May 9 (Reuters) - As three men who once made a living in the U.S. securities industry discovered last month, it’s not easy to successfully reverse disciplinary sanctions meted out by Wall Street’s self-watchdog. Penalties are likely to stick, and the consequences may drag out for years.
The trio - a former broker and two other licensed Wall Street employees - lost appeals of sanctions that were severe. Two of them had been thrown out of the industry, while a third suspended for two years.
In the view of the Financial Industry Regulatory Authority, the decisions to revoke or suspend were appropriate, in part, because the alleged wrongdoing - from allegedly lying on regulatory forms to improperly trading an account - played out repeatedly over months or years.
While the three facing the sanctions may feel FINRA was too harsh, the outcome is a reminder to those who make their living in the securities business that it is best to avoid being at the mercy of the watchdog in the first place.
“Some mistakes live with us longer than others,” said Bernard Jacques, a Hartford, Connecticut-based employment lawyer. That is especially true of having a professional license revoked or suspended, he said.
Indeed, the record shows that reversing or reducing sanctions on appeal, especially the most severe penalties, is unusual.
FINRA’s appellate body, the National Adjudicatory Council (NAC), reviewed sanctions imposed against 37 individuals and firms from October 2010 through March 2012, according to an annual study by law firm Sutherland Asbill & Brennan in Washington. The NAC, which hears appeals filed by parties or selects decisions to review, upheld or increased sanctions for about 70 percent, or 26 of them.
Worse still, details of such cases are permanently available on BrokerCheck, FINRA’s free public disclosure database. “It’s a significant hurdle in getting another job,” Jacques said.
Here are three lessons to be learned from the stories behind April’s appellate decisions:
Jeff Ng, who worked in a compliance role for AllianceBernstein Investments Inc, allegedly failed to tell the firm about four brokerage accounts he had at other firms, according to an April 24 NAC opinion. Ng, whose job involved monitoring whether clients’ portfolios were in synch with their investing plans, also did not tell the other firms that he worked in the securities business. Ng, on one account application, wrote that he was a “landscaper.”
FINRA requires licensed securities professionals to tell their firms about outside accounts. They must also tell the outside brokerage where they open the account that they work in the securities industry. That is because brokerages must monitor employees’ securities transactions - even those employees make through other firms - to prevent wrongdoing, such as engaging in risky private securities transactions with customers. Some firms prohibit employees from having accounts elsewhere.
Ng, of Stamford, Connecticut, was permitted to resign from AllianceBernstein in 2009, according to the opinion. The NAC selected his case for review after FINRA hearing officers last year, imposed a two-year suspension and a $25,000 fine. Ng argued, unsuccessfully, that FINRA had no jurisdiction over him because he was not a broker during the alleged offenses. The NAC disagreed, describing his conduct as “egregious.”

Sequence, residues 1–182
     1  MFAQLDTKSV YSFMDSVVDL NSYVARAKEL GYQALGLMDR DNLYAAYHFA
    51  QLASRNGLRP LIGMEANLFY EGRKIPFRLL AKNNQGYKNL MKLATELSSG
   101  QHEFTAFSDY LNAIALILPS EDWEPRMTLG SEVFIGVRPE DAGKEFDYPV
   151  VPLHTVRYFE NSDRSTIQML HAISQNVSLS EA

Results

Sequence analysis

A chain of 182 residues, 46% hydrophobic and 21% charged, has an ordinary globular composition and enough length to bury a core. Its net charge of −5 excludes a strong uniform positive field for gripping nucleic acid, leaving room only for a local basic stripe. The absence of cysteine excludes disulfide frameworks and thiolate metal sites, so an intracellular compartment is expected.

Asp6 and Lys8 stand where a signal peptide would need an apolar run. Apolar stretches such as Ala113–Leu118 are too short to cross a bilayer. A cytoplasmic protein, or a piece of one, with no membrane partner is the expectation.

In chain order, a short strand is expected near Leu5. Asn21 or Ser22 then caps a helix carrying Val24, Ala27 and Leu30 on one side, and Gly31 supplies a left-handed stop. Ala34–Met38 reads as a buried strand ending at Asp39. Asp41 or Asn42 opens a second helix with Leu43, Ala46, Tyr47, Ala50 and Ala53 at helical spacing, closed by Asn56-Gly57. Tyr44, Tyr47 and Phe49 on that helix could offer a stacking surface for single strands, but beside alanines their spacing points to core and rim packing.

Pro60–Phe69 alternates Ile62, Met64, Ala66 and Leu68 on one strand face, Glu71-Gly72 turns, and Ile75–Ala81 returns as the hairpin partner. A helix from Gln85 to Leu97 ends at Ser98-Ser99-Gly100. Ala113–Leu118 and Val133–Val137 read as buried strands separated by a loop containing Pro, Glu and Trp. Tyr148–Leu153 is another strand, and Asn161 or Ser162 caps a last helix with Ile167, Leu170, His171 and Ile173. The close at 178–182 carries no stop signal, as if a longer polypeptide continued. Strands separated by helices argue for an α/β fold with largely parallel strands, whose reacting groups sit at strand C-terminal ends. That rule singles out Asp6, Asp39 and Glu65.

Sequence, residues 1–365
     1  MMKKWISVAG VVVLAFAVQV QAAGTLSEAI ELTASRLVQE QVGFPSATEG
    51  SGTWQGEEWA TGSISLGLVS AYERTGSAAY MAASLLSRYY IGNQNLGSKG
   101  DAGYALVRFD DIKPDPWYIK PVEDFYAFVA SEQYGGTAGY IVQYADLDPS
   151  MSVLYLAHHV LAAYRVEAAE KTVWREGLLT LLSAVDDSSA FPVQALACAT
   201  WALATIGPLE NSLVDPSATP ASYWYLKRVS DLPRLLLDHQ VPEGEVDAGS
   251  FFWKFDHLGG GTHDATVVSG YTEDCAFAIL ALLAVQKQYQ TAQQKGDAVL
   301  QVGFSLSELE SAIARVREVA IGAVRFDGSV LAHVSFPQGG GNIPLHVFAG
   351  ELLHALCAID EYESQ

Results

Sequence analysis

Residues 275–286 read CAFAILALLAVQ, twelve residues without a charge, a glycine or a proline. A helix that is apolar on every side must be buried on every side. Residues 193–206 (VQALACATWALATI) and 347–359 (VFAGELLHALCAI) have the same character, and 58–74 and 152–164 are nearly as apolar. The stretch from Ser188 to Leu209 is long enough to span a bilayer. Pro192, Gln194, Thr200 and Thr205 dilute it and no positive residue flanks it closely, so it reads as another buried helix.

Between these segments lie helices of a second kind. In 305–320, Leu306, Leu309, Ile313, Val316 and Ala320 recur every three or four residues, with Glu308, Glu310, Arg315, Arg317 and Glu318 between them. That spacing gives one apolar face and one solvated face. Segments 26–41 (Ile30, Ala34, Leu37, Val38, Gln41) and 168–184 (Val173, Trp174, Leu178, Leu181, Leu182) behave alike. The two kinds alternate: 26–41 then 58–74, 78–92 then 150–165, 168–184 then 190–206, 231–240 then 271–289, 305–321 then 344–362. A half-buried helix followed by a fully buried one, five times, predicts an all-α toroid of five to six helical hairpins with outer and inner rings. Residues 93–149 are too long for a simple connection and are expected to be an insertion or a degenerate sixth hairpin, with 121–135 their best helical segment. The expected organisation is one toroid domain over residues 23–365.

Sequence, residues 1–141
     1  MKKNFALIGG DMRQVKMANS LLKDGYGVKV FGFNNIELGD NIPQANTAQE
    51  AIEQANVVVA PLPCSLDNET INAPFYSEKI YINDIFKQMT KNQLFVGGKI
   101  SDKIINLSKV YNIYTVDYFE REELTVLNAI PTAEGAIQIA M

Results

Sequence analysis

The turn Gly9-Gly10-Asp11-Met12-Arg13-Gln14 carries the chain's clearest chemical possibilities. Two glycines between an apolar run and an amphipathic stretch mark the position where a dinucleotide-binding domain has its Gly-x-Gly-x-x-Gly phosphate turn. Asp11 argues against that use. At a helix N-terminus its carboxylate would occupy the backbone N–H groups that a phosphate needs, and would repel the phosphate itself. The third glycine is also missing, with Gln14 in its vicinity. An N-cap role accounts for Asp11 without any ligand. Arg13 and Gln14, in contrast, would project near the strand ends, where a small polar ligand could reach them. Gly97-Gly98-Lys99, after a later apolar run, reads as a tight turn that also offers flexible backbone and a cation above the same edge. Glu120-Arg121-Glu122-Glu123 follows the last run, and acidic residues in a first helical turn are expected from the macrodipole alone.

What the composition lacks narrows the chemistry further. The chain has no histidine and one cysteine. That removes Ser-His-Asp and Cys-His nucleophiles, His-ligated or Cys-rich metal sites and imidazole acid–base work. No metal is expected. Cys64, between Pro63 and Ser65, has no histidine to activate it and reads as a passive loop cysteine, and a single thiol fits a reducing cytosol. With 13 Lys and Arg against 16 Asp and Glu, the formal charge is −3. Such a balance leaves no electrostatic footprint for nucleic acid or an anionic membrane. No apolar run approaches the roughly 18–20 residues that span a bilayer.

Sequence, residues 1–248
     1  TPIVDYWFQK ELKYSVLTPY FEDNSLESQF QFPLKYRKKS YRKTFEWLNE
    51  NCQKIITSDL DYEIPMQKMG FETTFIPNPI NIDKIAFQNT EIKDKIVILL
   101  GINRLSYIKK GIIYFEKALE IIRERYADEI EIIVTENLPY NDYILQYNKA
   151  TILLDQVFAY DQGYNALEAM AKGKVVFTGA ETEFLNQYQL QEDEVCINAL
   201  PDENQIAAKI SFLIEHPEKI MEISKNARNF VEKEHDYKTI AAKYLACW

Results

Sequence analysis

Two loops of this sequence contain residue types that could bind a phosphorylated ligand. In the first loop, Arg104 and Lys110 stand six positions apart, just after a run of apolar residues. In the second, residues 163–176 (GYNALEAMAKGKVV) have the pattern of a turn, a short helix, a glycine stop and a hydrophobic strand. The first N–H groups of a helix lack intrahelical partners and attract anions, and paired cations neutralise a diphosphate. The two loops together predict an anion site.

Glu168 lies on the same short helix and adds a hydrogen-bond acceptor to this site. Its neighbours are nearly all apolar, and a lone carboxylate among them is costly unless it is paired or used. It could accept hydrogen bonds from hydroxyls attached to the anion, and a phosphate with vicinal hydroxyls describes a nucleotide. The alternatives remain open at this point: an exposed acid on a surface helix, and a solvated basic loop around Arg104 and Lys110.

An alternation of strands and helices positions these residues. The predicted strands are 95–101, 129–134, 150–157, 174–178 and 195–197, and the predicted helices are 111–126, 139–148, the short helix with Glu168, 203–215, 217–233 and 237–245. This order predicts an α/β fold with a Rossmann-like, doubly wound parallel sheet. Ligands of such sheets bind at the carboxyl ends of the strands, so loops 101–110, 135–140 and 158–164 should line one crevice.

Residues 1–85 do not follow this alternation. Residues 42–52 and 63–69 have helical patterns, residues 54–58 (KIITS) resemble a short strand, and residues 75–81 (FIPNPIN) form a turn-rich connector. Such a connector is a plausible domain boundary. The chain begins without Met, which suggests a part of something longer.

Ng and AllianceBernstein did not return calls for a comment.
*DON‘T HIDE THE PAST, 36 TIMES
Regulatory problems during the 1980s came back to haunt Joseph Amundsen in 2011, when FINRA permanently barred him from the industry for those alleged offenses. He appealed the FINRA sanction twice, including most recently, to the U.S. Securities and Exchange Commission.
Amundsen, who entered the business in 2004 as a financial operations professional, failed to tell FINRA that California had revoked his accounting license in 1986, according to an April 18 SEC opinion. Earlier, a court prohibited Amundsen from practicing before the SEC for allegedly issuing a false company audit report.
Amundsen, of Easton, Pennsylvania, later became relicensed as an accountant and obtained several types of securities industry licenses. But he did not mention his earlier troubles in response to questions on a form submitted to FINRA 36 different times through various employers.
Amundsen argued, among other things, that he completed one form but that FINRA’s system automatically filled in others with the same details.
The NAC, which upheld the bar last year, wrote that “Amundsen lacks the integrity and fitness” to work in the securities industry. The SEC upheld the bar and said his failure to disclose was “egregious.”
A person identifying himself as Amundsen in a voicemail message said he could not comment because he was appealing the SEC’s decision to federal court.
Taking too many liberties with a new client’s account led to a permanent bar for Alan Davidofsky, a former Oppenheimer broker in Delray Beach, Florida. The 57-year-old client had conservative investment goals for a $127,000 account when Davidofsky became her adviser in 2007. Davidofsky allegedly recommended a riskier strategy, according to a NAC opinion on April 26. He then made changes to the client’s investment objectives, which she testified she did not approve, according to the opinion.
Her account sank 90 percent after a 2008 market dive. What’s more, she paid more than $31,000 in commissions during the previous 10 months. Davidofsky made 104 trades during that time, including 90 without the client’s permission, according to the NAC, which selected the case for review. Oppenheimer terminated Davidofsky for the conduct in 2008 and reimbursed the client $100,000, according to the opinion. An Oppenheimer spokesman did not respond to a request for a comment. “Serious sanctions are needed to protect the investing public,” the NAC wrote.
Davidofsky did not return a call requesting a comment. (Editing by Frank McGurty and Maureen Bavdek)